I remember reading that it takes about a 20% increase in pixels to yield a noticeably better image to the average person. But noticeable at what size (not counting pixel peeping because that is now how we view images? Surely moving from 47 to 60 megapixels not noticeable to the average person below poster size, I would think.



    I whole heartedly agree that there's probably not a noticeable difference with 24x36 poster size prints but at 30x72 and even 32x80 then all bets are off. That extra 25% or so increase may make all the difference. If I only wanted to work with poster size and smaller I'd be very happy with a D810 if it only had focus stacking built in. I'd opt for a D750 also if it had focus stacking. The Bonneville Salt Flats serve a purpose for speed lovers to test their wares and an Epson SureColor P20000 is there for a few of us to test our pixels with. One thing in common with those of us who relish speed and print size is that for no other reason than it is there to do. I know that I have friends and family that think I am loony for liking ultra large format print making while they sit on the lake in a 50k boat that was towed to the boat ramp with another 40-50k in tow vehicle. Whether drag boats, offshore racing, or the concept of printing images so large than when one walks up to them they feel as if they are in the image and can walk to the back side of what they see. In reality a D3300 used correctly can make stunning poster prints when all conditions are right. Clyde Butcher made a lasting impression on me with his dark room black and white landscapes printed at 60"x108". Never did I have the privilege of meeting Lee Mann but a trip to see some of his gallery work is on my bucket list if not this summer then next. For those interested in large print making and marketing take a peek at Lee Mann's work here. He went from 4x5 to an 11MP Canon FF 1Ds when I first started paying attention to his work. I've observed very large gallery showings lead to a steady ringing at the cash register of smaller scale prints. It is my belief that many purchase smaller prints while remembering what they saw at the gallery. We have a big beautiful world out there for landscape lovers to turn into their playgrounds and that's how I want to live out my days with the most and best pixels that are available within a reasonable budget. One thing that interests me also is the idea of putting 60MP on a microscope for such things as just the eye of a fly... Now if the focus shift would just work on such fine subjects. A grain of pollen might be most interesting also along with many more. Pixels can reveal things photographers have never really seen before when used to extreme.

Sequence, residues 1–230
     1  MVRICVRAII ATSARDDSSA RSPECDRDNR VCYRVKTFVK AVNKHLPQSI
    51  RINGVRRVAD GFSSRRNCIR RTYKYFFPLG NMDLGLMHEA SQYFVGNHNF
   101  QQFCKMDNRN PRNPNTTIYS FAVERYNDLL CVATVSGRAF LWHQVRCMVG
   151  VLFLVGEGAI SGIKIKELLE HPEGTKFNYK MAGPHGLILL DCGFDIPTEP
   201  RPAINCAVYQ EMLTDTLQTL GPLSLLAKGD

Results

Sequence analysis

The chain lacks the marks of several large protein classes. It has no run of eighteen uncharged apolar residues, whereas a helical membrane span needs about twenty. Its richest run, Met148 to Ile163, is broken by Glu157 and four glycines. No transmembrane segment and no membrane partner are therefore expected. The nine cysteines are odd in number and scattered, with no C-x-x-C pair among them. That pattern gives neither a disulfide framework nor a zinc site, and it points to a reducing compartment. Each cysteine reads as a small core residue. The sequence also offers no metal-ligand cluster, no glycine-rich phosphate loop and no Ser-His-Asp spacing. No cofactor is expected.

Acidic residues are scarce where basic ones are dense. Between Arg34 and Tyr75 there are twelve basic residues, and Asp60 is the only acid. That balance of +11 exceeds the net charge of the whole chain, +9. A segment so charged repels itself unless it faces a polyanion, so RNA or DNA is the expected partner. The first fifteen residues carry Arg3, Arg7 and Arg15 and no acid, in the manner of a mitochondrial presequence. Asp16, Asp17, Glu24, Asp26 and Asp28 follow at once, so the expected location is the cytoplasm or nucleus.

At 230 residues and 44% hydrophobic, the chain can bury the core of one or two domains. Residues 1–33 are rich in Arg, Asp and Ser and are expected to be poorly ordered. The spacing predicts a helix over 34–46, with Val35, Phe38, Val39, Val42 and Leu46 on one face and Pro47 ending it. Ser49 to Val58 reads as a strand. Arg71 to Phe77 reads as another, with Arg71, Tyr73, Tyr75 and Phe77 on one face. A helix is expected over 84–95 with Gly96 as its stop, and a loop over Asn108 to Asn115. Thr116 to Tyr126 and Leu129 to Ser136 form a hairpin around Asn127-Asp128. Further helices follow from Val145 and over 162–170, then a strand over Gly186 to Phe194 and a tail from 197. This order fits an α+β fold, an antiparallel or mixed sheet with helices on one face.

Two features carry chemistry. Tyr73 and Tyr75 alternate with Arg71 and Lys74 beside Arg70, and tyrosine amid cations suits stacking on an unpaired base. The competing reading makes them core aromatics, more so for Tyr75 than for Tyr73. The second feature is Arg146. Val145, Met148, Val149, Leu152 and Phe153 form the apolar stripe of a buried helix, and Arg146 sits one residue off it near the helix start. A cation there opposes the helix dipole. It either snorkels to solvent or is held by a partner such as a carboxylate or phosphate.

• FreezeActionFreezeAction Posts: 859Member
    If memory and math are right when pixels are doubled the print size can increase by 40%. That's from my head and not from a spreadsheet at the moment. At some point the IQ will suffer from increased pixels will it not because of the pixel pitch? Just where is that point is what I'd like to know. Of course he larger the sensor the more can be crammed in before the pixel scales are tilted to far and IQ degrades. Is it not true that when the pixel pitch is the same on a FF sensor as that of DX sensor then the high ISO noise level will be the same if the firmware is constant? If the proposed Z8 becomes reality at 60MP then let's hope that the Expeed processor can at least keep the ISO clarity equal to the D850. For my personal use ISO noise level is not so much of an issue as it would have been a few years ago when depending on the night arena lights as most of my shots are taken on at least partly sunny days now. At events I had to go by the clock instead of picking my times and places to suit my needs. Right now I am as impatient for Nikon to deliver a body with that 60MP sensor as I was for them to deliver a pro grade DX body for action. Soon B&H will have to list a SUV as an accessory for new gear along with suggestions on how to make sure we can get a tax break on all gear besides the sales tax aide. :smiley:
  • FreezeActionFreezeAction Posts: 859Member
    rmp said:

    I'm so old, it is hard for me to imagine a camera/lens better than the z7/24-70 f4. But when new toys arrive, boys will play.

    retread said:

    D850, Z7 = 47 MP; D860, Z8 = 60 MP. Interesting thought. Do you think there will be a D850 replacement? Maybe a crown jewel for the last Nikon DSLR.

    At an older age I still want to upgrade but not to a whole new system. Just don't see spending that much.

    New technology shouldn't slow us down, rather it should keep us oldies going.